Lastly, we were fortunate to have Bobby McCurdy, a senior at University of Richmond, join our staff as a legislative assistant for the 2017 Session.  I have known Bobby since he earned the rank of Eagle Scout and for the past two years has been a valuable part of our legislative and constituent service team. I am confident his experience, skill and passion for government and politics will continue to serve him well in his future endeavors.

Minchew Memo Feb 17th

Last week on Tuesday, February 7th, the General Assembly reached the midway mark of the 45-day session or “Crossover”.  In the four weeks leading up to Crossover, the House of Delegates considered over 1,000 pieces of legislation.  After a nine-hour session on Tuesday, we concluded our work on all bills that originated on the House side of our bicameral legislature, passing along 562 bills to the Senate.  We will now spend the remaining time considering legislation from the Senate.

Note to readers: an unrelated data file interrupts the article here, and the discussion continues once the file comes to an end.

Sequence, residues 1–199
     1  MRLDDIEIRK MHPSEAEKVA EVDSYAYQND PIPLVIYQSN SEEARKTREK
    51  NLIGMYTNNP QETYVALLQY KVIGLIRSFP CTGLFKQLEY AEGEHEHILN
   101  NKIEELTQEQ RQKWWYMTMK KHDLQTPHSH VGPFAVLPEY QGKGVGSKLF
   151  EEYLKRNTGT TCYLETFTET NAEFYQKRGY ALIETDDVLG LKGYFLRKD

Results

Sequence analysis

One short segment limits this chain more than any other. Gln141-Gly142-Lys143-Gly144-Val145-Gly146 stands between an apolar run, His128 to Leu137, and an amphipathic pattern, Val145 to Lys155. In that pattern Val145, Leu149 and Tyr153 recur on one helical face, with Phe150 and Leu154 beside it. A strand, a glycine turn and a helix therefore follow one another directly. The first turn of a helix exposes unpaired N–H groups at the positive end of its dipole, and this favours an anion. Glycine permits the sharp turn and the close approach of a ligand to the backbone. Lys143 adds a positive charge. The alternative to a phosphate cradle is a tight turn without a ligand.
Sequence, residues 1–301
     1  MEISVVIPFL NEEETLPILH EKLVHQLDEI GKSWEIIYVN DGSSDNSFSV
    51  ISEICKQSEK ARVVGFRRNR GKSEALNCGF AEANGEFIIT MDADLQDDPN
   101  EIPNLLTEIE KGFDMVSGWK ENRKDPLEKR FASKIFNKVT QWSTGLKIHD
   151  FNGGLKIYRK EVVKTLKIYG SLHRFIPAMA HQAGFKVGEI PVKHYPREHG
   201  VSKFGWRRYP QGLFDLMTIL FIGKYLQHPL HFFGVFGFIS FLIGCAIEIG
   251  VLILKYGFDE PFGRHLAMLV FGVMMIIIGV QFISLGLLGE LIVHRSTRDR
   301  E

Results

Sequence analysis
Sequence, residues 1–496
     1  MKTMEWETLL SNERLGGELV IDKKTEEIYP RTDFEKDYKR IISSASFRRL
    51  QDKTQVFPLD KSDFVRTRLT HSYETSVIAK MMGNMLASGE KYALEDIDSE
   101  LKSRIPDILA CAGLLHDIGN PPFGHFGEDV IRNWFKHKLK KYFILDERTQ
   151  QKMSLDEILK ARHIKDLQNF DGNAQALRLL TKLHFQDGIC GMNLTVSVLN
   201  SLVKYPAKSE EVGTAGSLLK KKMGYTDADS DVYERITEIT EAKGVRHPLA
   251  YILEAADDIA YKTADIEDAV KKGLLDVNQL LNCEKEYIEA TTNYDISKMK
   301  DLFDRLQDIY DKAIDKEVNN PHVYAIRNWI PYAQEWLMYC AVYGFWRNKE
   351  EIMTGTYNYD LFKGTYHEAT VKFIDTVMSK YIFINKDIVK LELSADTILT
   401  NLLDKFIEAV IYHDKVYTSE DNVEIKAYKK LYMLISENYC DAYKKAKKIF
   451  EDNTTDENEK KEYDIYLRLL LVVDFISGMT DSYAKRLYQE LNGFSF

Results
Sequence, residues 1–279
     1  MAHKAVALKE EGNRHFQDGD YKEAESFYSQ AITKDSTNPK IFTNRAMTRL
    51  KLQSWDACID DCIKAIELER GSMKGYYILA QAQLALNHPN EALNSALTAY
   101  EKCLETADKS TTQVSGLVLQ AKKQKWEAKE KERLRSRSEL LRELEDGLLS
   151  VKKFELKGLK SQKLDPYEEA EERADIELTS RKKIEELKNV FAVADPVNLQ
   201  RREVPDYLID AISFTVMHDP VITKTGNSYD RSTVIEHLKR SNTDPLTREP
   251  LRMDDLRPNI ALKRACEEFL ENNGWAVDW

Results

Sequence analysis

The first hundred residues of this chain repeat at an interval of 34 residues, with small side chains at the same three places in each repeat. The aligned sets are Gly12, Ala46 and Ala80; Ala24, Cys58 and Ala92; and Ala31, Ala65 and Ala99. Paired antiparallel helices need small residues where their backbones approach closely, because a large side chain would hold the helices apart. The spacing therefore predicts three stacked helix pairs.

Thank you to all who completed my 2017 Constituent Survey, participated in my two Town Halls in Berryville and Leesburg, or contacted my office about your legislative priorities.  I value your feedback and believe the House of Delegates is working to make progress on many of the issues you identified as priorities. We are focusing on legislation that supports job creation and economic development, healthcare, education, and public safety while continuing our work on transportation improvements.